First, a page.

By Arnold R. Grahl 
Rotary News -- 21 August 2012    

Hands Across the Border ceremony 2005 

Youth Exchange Students from Canada and the United States hold flags aloft during the hands across the border ceremony in 2005. Photo courtesy District 5360

In a year when the RI theme is all about peace, the annual gathering of Rotarians from both sides of the U.S.-Canadian border at the world’s first peace park takes on even greater significance.

In 1932, Rotarians played a large role in convincing the governments of Canada and the United States to join Glacier National Park in Montana and Waterton Lakes National Park in Alberta, forming Waterton-Glacier International Peace Park.

Each year since, Rotarians from both countries have gathered for a weekend of fellowship and goodwill, an event that this year could include members from more than 200 clubs in four districts in southwestern Canada and the northwestern United States.

“When I heard this year’s theme was about peace I was thrilled. It fits so well with what our districts have been doing here for the past 80 years,” says Frances Leggett, governor of Canadian District 5360 and president of the Waterton-Glacier International Peace Park Association. “Peace means all sorts of things. Any sort of collaboration is really a means of promoting peace.”

“When all is said and done, ours is an organization of service that can lift others, and build peace one person at a time,” adds Canadian Monty Audenart, a past RI vice president, who has participated in the event.

The assembly alternates between the U.S. and Canadian sides of the border. This year it takes place in Kalispell, Montana, 14-16 September. Three days of speakers and events will be capped off by the most moving part of the assembly, when Rotarians join hands across a white ribbon symbolizing the border between their countries.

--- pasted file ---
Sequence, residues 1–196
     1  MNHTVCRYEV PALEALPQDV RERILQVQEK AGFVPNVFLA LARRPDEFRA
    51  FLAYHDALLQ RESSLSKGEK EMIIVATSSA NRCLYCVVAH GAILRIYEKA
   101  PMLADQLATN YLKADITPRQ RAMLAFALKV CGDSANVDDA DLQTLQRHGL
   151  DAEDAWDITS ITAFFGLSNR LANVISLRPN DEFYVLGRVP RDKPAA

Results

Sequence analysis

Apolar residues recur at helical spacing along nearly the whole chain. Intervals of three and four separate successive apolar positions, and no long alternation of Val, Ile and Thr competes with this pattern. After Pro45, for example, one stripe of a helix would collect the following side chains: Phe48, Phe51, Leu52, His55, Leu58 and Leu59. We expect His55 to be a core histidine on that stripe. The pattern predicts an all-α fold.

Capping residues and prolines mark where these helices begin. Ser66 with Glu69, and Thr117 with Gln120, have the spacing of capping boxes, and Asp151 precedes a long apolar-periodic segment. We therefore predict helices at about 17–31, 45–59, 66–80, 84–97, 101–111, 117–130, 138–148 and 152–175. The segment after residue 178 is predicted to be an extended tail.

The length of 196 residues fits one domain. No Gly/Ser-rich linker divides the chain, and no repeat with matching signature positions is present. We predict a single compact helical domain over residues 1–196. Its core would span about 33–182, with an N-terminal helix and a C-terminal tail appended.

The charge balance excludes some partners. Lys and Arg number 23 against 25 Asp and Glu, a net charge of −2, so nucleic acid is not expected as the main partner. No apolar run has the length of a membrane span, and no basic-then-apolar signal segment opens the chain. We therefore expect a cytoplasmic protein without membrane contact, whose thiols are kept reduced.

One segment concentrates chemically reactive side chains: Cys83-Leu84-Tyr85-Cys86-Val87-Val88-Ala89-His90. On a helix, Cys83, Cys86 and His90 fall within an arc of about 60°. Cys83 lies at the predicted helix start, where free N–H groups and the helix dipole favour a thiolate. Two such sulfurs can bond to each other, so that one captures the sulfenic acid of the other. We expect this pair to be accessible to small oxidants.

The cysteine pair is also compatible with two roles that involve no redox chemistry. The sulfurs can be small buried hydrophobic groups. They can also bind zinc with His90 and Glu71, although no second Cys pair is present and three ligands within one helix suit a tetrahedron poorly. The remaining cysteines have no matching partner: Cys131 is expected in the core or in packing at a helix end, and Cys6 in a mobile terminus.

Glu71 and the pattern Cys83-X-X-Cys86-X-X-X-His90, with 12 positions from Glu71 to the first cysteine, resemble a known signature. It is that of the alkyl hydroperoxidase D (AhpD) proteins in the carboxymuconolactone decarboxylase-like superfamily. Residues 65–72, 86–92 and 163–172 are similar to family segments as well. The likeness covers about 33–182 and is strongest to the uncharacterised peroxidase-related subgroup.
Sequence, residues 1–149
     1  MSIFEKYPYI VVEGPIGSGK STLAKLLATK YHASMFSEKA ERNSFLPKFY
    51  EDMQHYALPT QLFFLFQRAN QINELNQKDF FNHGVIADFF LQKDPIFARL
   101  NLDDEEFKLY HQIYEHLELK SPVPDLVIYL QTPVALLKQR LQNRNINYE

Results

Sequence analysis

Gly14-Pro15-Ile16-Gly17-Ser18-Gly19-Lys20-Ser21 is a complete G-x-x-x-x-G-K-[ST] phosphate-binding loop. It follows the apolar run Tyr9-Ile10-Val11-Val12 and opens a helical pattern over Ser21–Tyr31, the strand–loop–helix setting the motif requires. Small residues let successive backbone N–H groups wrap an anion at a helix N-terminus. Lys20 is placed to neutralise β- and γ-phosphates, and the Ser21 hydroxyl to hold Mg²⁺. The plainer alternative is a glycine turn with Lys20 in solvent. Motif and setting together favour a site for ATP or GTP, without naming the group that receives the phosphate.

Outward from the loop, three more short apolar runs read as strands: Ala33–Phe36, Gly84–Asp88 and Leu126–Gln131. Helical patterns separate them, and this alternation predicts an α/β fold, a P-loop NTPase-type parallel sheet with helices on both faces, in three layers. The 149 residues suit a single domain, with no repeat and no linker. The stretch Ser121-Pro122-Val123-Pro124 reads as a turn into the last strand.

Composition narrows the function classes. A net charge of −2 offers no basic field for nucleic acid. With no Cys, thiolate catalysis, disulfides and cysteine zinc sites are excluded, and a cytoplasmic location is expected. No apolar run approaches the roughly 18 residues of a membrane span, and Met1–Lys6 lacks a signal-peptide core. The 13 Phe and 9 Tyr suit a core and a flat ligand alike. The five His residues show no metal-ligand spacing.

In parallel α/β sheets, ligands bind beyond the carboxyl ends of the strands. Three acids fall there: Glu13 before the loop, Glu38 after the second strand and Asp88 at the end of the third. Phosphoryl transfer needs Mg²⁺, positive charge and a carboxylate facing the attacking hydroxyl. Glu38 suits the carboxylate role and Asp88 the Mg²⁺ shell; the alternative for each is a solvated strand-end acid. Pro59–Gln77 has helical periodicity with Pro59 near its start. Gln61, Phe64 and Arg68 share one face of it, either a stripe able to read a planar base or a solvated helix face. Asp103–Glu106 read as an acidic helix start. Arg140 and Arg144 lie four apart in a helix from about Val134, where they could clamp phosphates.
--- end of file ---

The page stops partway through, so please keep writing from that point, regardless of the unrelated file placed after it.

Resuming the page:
During the ceremony, Rotarians recite this pledge: “In the name of God we will not take up arms against each other. We will work for peace, maintain liberty, strive for freedom, and demand equal opportunities for all mankind. May the long existing peace between our two nations stimulate other people to follow this example.”

Youth exchange students from both countries take part whenever possible. “A few years back, we had a separate event for the youth exchange students, and at the Saturday banquet they all marched in carrying the flags of their nations. It was a very moving experience,” Leggett recalls.


The idea for the peace park originated eight decades ago, when the president of the Rotary Club of Cardston, Alberta, Joseph S. Low, attended a meeting at which Past District Governor Frank R. Freeze spoke eloquently on the subject of international fellowship. Low decided to pitch to his club the idea of arranging an annual goodwill meeting between Canadian and U.S. Rotary clubs on alternating sides of the border. The club heartily endorsed the idea and authorized him to make it happen.

The park was dedicated on 18 June 1932. At the ceremony, Canadian Prime Minister R.B. Bennett and U.S. President Herbert Hoover expressed sentiments that mirrored Low’s.

“It is my earnest hope that this great International Peace Park, stretching across our common frontier and in which citizens of both our countries may seek recreation, may forever remain a permanent memorial of all that neighbourly relations should be between adjoining nations,” Bennett wrote.

“Dedication of the Waterton-Glacier International Park is a further gesture of the good will that has so long blessed our relations with our Canadian neighbors, and I am gratified by the hope and the faith that it will forever be an appropriate symbol of permanent peace and friendship,” wrote Hoover.

Today, Rotarians govern the Waterton-Glacier International Peace Park Association. Canadians and Americans are equally represented on the 18-member board, and the presidency alternates between the two countries.

Adapted from a Rotary Canada story by Paul Engleman